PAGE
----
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Which was the better season, 2002 or 2009?

BY DI STAFF | DECEMBER 16, 2009 7:30 AM

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2002 was the better Iowa football season

Even with a humbling Orange Bowl loss to a loaded USC team, the 2002 Hawkeye football season was easily better than this year’s BCS run.

The 11 wins are a school record, and the only regular season blemish came against feisty rival Iowa State early on.

With studs such as Dallas Clark, Nate Kaeding, and Bob Sanders, Iowa went above and beyond expectations after finishing 7-5 the previous year.

Iowa was able to overcome some serious shuffling on both offense and defense after losing 10 starters, including NFL star Aaron Kampman.

The 2002 version of the Hawkeyes, unlike this year’s squad, came into the season unranked in both preseason polls with many pundits thinking a trip to the Alamo Bowl should be viewed as a success.

But these Hawkeyes went beyond those expectations and more, going undefeated in league play and earning a share of the Big Ten title with eventual national champs Ohio State. The highlight was murdering eighth-ranked Michigan in Ann Arbor, 34-9 — the Woverines’ worst home loss since 1967.

The 2009 Hawkeyes had to have a few breaks go their way to even get into a BCS game. After losing back-to-back games down the stretch, Iowa was lucky it didn’t completely fall out of big-time bowl consideration.

This year’s squad also had fairly high expectations for the season as well — the team was ranked to start the year, No. 21 and 22 in AP top 25 and USA Today Polls.

The 2009 Hawkeye season is still a special one, but it hasn’t topped the improbable 2002 year.

— by Matt Schommer

2009 was the better Iowa football season

There are many reasons this year’s campaign should go down as better than that of ’02 — not to mention it has been one of the best in Iowa history.

It didn’t take long for drama to arrive. Northern Iowa had the Hawkeyes in a situation that spelled certain doom on Sept. 5. The Panthers attempted field goals from 40 and 41 yards in the game’s final seconds, but in one of the most unprecedented series of plays in college football history, both attempts were blocked.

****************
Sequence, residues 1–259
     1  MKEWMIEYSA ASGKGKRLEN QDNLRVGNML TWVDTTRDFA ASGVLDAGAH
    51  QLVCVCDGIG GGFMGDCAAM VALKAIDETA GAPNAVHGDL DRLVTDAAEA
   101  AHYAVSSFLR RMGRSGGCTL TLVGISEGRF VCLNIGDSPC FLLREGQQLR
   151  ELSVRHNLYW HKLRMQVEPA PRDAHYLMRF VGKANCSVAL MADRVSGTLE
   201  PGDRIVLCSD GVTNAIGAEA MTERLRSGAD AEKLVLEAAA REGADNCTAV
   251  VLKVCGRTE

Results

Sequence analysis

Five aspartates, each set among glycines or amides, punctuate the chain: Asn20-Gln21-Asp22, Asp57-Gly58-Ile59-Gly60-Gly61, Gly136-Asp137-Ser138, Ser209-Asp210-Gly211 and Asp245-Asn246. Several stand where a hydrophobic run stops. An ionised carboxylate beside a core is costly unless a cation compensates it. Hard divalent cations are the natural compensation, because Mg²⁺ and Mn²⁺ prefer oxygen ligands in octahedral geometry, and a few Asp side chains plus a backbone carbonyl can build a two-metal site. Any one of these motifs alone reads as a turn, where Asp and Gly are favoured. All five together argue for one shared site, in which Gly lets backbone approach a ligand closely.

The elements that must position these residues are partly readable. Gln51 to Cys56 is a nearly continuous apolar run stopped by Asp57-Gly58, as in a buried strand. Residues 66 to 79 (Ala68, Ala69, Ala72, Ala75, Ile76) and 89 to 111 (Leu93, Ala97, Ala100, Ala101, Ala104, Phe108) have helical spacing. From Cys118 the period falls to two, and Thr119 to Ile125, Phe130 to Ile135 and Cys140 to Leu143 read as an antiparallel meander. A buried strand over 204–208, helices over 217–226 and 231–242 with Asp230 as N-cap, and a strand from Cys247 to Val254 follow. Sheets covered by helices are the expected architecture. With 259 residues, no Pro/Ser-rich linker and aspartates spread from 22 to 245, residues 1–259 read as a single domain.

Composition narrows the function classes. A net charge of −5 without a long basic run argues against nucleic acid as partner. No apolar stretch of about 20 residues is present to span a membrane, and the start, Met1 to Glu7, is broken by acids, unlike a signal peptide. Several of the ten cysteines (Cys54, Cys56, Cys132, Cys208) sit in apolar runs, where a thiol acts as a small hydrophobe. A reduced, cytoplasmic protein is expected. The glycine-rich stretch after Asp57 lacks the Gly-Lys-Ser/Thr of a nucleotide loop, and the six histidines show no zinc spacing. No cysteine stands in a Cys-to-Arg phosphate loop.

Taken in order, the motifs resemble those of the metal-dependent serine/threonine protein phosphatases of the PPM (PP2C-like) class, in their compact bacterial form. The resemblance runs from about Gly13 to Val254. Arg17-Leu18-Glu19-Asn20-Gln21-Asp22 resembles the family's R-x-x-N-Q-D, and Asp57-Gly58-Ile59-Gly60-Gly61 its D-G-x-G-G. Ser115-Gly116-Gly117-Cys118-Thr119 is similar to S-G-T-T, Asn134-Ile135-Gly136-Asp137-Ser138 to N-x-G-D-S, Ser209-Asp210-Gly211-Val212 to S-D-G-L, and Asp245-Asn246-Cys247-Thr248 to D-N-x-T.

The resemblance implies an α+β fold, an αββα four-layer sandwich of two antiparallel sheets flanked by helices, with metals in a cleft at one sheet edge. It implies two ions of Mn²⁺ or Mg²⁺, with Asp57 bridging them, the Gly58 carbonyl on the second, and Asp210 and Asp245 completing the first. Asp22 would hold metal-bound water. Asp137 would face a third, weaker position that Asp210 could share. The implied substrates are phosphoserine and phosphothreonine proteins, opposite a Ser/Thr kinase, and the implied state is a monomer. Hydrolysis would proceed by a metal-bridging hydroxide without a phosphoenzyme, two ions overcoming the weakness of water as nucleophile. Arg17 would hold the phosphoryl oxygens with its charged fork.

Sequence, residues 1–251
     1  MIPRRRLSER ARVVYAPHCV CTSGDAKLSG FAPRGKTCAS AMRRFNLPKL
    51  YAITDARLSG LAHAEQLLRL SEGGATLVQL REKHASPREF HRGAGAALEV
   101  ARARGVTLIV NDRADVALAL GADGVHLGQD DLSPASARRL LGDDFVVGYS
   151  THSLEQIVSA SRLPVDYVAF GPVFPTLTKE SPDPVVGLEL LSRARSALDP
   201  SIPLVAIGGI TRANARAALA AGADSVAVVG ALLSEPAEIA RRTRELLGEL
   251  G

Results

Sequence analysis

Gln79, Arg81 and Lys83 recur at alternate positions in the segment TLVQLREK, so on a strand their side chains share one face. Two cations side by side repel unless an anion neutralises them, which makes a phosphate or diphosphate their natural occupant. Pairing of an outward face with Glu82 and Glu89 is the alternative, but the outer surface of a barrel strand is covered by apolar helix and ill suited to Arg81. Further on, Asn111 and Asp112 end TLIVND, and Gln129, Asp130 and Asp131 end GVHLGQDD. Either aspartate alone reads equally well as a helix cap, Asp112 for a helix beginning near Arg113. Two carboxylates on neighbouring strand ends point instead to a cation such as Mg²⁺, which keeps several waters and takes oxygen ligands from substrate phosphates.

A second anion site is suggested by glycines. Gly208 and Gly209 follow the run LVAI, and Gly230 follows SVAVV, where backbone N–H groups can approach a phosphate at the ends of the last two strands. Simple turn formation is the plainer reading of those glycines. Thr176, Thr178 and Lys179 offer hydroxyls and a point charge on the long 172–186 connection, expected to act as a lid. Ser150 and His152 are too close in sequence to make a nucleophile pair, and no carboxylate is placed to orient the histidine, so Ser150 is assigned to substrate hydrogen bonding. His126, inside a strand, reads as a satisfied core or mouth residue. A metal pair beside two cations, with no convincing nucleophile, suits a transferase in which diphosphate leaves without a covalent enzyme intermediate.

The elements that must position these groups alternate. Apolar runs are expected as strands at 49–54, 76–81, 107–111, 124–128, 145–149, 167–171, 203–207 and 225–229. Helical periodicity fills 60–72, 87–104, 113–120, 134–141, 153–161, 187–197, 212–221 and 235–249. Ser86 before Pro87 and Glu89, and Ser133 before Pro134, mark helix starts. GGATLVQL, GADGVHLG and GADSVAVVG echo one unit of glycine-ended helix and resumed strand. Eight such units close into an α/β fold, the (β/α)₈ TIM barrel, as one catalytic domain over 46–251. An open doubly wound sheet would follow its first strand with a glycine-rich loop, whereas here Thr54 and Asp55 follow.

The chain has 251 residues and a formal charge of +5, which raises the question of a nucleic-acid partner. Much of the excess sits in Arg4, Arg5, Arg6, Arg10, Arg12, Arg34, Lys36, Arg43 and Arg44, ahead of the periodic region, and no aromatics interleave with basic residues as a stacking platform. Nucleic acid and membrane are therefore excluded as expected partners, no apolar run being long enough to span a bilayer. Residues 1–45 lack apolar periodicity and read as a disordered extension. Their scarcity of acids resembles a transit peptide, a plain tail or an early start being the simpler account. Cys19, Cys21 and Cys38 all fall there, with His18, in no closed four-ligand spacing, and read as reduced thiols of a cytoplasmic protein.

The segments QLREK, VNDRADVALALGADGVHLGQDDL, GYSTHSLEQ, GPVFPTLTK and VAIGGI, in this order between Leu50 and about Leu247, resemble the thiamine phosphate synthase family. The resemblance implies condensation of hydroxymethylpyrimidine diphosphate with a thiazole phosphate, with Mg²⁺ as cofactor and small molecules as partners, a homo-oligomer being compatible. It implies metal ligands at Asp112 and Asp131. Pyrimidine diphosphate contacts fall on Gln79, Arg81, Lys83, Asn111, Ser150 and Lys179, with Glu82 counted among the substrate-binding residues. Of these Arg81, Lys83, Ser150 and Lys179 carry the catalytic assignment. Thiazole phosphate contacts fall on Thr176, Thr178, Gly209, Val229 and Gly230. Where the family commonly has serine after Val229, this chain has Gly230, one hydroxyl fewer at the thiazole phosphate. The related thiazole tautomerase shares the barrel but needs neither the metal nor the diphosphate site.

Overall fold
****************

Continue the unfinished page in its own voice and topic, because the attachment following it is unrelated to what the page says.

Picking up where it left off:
Then there was Sept. 26. Happy Valley. ESPN’s “College GameDay.” The meeting that everyone from Pennsylvania and the Hawkeye State had circled on their calendar for months. After Iowa pulled the college football upset of the year against the Nittany Lions last season, few pundits thought that the Hawkeyes could play a repeat performance — but they did. Iowa prevailed for the second-straight year over JoePa and company, 21-10.

Things couldn’t get much better than the Hawkeyes’ prime-time triumph over Penn State on national television — until Oct. 24.

In perhaps one of the most scintillating finishes in Hawkeye football history, Ricky Stanzi found Marvin McNutt for a quick strike touchdown on the game’s final play. That pass gave the Hawkeyes a 15-13 victory and their first-ever 8-0 start in school history.

This season included a 35-3 pummeling of Iowa State — something that 2002 didn’t offer. It also included the emergence of Adrian Clayborn as a dominator on defense and the arrival of McNutt as a dangerous weapon in the Hawkeye offense. Iowa’s Next Man In philosophy functioned at its very best.

Fans entered the season and looked at a murderous schedule, hoping for an eight-win season. The Hawkeyes gave them 10 wins, a BCS bowl, a team that didn’t back down from any challenge, and unforgettable memories.

— by Jordan Garretson


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